Rob Mason:

Is it true? Or is it just some faulty perspective through whatever issues in life? And so you challenge it, you get really brutal about those statements and then you change them. And it's very hard to all of a sudden stop saying, Oh, I'm no good, nothing good ever happens to me, but you learn to replace it with truth. And that's where some of those statements in the Bible about who we are in Christ. So I can say, Oh, I'm useless, I'm hopeless. And you know, you compare yourself to other people, but Whoa, what about truth? The truth is I'm a new creation. The truth is, you know, I'm filled with the spirit of God. The truth is. And so you, you then have a new self-talk and it's what we call the renewing of your mind. We now have evidence over the last 20 years in neuroscience so that we can actually create new neuro pathways in our brain.

Rob Mason:

So you're actually changing these pathways. It takes several months for you to create these pathways, but you're, you're getting rid of the old messages. You're replacing them with new messages and you consistently do that. And it does take several months. And we're always default to the negative stuff when we're under pressure stress. But that sense of today's a new day. I'm going to think you thoughts and the new thoughts are truth. The truth sets me free, that the truth releases really good hormones, chemicals into my body. That sense of wholeness and wellbeing. I think we're living in a world where there's so much information, especially with social media, we're just inundated with information and probably comparing ourselves to people. And it's so easy to just allow these negative thoughts, infiltrate, and this sense of I don't measure up. I'm not as good as it's social media. It's often a little bit plastic. It's a little bit exaggerated. What, why do I need that? Why do I, why am I comparing myself? And then you realize it's such a futile thing to do because when we compare, we're either going to feel really proud that we're doing better, or we're going to feel humiliated and feel inferior that I don't measure up. So either way, it's not a good place.

Rodney Olsen:

Rob, it's been great talking about some of the things that you've experienced, but also the way that you're continuing to overcome them. And I'm going to put a link in the show notes to today's episode, where people can find your book, but for those listening, where's the best place to find the book and to contact you if they want to be in touch?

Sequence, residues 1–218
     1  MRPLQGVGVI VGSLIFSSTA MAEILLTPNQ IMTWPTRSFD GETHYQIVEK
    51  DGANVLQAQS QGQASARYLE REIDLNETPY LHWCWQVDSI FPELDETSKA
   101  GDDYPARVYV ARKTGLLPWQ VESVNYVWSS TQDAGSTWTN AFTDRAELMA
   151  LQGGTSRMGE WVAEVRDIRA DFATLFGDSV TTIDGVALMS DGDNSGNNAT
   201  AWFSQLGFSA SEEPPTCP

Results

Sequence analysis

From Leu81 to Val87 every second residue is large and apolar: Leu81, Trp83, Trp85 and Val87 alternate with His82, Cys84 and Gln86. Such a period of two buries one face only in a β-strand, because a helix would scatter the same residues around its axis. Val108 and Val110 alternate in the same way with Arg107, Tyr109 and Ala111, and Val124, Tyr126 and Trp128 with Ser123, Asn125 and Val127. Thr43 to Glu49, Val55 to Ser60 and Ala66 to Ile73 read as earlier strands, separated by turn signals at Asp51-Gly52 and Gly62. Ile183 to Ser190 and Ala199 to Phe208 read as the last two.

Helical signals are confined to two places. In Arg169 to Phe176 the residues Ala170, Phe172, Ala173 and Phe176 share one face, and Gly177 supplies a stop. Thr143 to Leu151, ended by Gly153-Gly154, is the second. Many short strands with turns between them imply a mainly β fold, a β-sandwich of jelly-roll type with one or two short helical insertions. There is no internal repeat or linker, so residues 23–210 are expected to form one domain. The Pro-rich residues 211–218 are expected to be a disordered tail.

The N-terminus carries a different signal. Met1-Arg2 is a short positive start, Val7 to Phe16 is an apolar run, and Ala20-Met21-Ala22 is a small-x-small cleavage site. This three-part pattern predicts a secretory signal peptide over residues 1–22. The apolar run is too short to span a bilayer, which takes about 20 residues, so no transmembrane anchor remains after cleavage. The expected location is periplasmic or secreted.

Rob Mason:

Yeah, probably the easiest way is my website. And so that's just Rob mason.co. It's a pretty good investment of my journey, which I do believe is relatable. It's a very practical book and it's certainly a book you can give to someone who doesn't have faith in God at all. It's not preachy, but there's certainly a lot of really good biblical content, but in a way that's very relatable.

Rodney Olsen:

Absolutely. It is a good read. And even if you're wanting to understand what someone else is going through, if there are people that you know, who are suffering through shame through anxiety, through depression, and you want a better handle on what they might be facing to help you to be a better aid to them, then this is the book to grab. It's called Shame Off You by Rob Mason, who's our guest on Bleeding Daylight today. Rob, thank you so much for spending time with us today.

Rob Mason:

Oh my privilege, Rodney. Thank you to you for the invitation and for all of your listeners and I love what you're doing with this podcast and I'm sure it's going to impact a lot of people for a long time.

 

Emily Olsen:

Thank you for listening to Bleeding Daylight. Please help us to shine more light into the darkness by sharing this episode with others. For further details and more episodes, please visit BleedingDaylight.net

Share | Download